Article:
Despite briefly being caught up in the post-Strokes New York guitar revival shortly after the turn of the Millennium, Liars have constantly innovated, shifted, and as such existed in their own often spooky world. That in 2013 they remain a powerful cult force is testament to the uniqueness that has earned them legions of loyal fans - with each album release their stock bulges larger, with their 2012 album WIXIW arguably their nadir so far.

It's promising, then, to hear that they have chosen to follow it up semi-swiftly with their as-yet untitled seventh album, due to come out in March 2014. Surely to be followed up by the release of tickets for upcoming concerts. Little is known about the record so far, despite the band posting up a few typically obscure teaser videos online recently. The band have, however, said it work on the new album has been, "Immediate, fun, instinctual and confident," which, admittedly, doesn't really give us much of an idea of what to expect. Their last album was a record born of vastly varied influences, so it'll be interesting to see what swerves they've taken this time round. But with WIXIW still lodged firmly in the brains of many, here's a look at four of its key inspirations.


Experimental musician Boyd Rice, who records under the name NON, has been cited as an influence on the record, specifically a collaboration he did with Frank Tovey, aka Fad Gadget, named 'Easy Listening for the Hard of Hearing'. Liars band member Aaron Hemphil said delving into that record and others in the Mute Records back catalogue, "Inspired us to use more electronic instruments." He added of that album: "It's really beautiful, and they made it in the studio without any instruments apparently, just made it on the spot."


This particular genre is an unsurprising influence on the New Yorkers, perhaps, considering the harsh, industrial-sounding music Liars often produce. However, Hemphil has suggested that the band looked to Can, rather than the most prominent krautrock forefathers Kraftwerk, for influence when they were crafting WIXIW. "There's a huge studio component to what formed Can's records, much like dub," Hemphil has said. "Dub is very organic, but it's altered in the studio. It was a signpost for things to come, where a lot of music could be finished work or composed without holding an instrument."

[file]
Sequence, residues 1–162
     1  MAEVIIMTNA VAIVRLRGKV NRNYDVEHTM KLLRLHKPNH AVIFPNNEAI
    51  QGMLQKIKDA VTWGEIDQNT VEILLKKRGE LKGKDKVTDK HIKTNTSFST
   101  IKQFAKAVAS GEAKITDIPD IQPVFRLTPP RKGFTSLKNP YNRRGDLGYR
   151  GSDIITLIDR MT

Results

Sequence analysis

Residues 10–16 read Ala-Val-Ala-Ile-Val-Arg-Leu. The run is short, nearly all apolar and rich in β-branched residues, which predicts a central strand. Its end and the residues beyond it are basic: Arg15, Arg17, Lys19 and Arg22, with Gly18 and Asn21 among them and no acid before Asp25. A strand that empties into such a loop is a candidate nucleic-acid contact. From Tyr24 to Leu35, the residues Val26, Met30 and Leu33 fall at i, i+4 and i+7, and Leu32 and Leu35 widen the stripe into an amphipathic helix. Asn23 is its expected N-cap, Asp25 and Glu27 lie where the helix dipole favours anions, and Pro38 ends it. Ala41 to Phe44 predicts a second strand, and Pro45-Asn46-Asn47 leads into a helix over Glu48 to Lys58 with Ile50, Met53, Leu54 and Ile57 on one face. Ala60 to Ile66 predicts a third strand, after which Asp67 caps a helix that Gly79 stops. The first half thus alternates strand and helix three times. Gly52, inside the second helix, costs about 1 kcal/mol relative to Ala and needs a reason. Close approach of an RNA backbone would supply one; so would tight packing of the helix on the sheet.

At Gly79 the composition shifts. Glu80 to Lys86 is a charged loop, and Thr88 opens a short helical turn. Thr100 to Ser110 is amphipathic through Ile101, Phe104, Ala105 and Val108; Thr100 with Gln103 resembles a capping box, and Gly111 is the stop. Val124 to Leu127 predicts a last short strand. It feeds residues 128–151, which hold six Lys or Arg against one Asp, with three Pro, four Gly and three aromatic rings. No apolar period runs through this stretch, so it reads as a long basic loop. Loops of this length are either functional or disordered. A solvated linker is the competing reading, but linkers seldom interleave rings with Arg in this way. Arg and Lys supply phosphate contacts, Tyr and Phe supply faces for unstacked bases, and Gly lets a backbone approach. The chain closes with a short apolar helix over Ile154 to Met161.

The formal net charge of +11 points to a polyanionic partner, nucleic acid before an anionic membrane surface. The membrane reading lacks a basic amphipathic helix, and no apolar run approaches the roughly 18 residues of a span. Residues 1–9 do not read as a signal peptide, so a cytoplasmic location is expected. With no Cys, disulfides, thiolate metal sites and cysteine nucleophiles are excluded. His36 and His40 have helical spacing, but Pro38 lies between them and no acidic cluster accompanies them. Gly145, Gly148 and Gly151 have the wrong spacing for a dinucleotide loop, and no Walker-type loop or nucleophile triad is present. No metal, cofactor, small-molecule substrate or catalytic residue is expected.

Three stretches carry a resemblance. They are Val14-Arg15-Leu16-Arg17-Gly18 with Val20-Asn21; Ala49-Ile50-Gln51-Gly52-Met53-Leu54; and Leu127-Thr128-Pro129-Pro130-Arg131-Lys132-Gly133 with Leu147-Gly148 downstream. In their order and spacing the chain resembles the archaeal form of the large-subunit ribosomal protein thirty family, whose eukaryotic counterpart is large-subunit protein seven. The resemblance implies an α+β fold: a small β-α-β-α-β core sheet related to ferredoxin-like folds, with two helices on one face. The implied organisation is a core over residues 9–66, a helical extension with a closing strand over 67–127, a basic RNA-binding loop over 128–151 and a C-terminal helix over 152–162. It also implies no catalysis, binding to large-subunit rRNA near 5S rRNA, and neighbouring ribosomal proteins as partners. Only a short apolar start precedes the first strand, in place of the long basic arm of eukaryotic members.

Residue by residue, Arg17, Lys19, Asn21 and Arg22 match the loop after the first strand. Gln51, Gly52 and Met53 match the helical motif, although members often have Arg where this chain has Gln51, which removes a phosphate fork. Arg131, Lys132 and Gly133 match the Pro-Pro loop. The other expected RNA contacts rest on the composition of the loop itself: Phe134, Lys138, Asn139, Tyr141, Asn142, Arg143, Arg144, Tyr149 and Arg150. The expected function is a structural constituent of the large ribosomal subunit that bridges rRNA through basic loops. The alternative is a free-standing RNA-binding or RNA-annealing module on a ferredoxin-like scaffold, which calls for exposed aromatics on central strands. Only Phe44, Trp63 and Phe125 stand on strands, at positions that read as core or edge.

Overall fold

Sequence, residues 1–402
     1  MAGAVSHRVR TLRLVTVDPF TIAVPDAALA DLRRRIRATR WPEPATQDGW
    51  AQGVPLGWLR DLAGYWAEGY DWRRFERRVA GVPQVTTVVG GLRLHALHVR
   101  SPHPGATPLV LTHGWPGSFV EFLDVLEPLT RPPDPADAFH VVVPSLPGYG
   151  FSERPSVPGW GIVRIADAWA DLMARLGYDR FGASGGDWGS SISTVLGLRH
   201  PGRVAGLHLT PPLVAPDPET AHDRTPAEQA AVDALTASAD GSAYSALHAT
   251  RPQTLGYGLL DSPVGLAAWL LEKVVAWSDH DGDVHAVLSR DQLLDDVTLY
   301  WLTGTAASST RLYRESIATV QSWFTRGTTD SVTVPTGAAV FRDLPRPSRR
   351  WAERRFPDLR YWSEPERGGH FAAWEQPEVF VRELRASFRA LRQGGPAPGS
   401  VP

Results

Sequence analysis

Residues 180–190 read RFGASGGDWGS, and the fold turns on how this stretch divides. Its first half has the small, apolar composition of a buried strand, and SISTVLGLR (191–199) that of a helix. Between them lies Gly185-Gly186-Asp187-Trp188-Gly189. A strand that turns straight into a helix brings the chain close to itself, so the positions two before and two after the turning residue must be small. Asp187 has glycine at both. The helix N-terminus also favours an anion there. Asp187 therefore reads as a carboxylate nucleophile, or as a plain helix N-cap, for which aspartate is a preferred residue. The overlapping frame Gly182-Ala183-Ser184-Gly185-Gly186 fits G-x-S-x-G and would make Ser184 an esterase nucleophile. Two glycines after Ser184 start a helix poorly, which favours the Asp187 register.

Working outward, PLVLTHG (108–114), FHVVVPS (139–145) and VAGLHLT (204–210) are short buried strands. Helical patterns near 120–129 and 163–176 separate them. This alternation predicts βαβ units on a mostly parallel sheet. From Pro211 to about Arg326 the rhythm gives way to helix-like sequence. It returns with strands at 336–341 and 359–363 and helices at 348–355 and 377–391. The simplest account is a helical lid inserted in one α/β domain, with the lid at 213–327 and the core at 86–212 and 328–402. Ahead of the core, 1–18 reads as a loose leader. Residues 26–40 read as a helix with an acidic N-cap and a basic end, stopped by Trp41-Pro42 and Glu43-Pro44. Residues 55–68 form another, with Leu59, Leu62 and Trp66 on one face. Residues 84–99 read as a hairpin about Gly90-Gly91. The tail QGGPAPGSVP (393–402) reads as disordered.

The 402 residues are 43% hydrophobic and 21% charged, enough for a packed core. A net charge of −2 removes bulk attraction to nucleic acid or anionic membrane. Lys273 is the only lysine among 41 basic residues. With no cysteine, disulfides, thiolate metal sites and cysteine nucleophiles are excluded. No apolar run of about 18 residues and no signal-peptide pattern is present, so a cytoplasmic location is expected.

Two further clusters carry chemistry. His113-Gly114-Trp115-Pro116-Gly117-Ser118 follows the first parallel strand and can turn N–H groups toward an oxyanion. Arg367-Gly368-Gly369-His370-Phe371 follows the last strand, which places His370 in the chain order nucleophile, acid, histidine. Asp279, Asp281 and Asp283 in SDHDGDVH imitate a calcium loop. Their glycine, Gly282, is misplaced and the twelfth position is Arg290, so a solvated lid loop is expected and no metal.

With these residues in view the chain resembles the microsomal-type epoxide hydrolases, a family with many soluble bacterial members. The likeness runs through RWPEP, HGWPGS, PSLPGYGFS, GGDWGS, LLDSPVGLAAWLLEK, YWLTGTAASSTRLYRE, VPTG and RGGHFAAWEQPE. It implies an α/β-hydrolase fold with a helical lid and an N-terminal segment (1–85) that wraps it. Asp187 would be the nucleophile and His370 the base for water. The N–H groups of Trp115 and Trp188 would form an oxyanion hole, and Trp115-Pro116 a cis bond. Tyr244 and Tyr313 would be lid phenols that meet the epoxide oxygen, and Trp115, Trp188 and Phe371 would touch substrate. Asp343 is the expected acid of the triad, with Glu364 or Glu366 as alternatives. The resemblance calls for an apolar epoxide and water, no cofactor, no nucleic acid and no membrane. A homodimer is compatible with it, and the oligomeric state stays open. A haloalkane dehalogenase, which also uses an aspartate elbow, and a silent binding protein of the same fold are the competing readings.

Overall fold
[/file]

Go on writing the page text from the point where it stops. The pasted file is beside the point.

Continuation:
With their genre twists and love of pounding, experimental dance music, the more 'out there' edges of Radiohead's back catalogue would certainly seem a likely influence on Liars. Yet while they have said that the Oxford band's difficult but rewarding album Kid A had a big impact on them, they see poppier moments such as their The Bends album as more in line with what they're trying to achieve with their own music. Hemphil has said of 'The Bends': "I feel like that album is pretty straightforward pop songs and I think for us that's a challenge to make something that attempts to be poppy. That's a frightening thing for us to do that."


The band have said that Radiohead's more direct moments influence them more than their weird moments, but the opposite is true with regards to Prince. Hemphil has cited the purple one's difficult yet stunning Parade as his favourite Prince album ahead of his more mainstream efforts. "There's so many weird tracks," he says. "I understand that's a controversial choice, but it's so eclectic, it's a really bizarre record." He namechecks 'Kiss', 'Anotherloverholenyohead' and 'Sometimes It Snows in April' as the tracks that left the longest-lasting marks.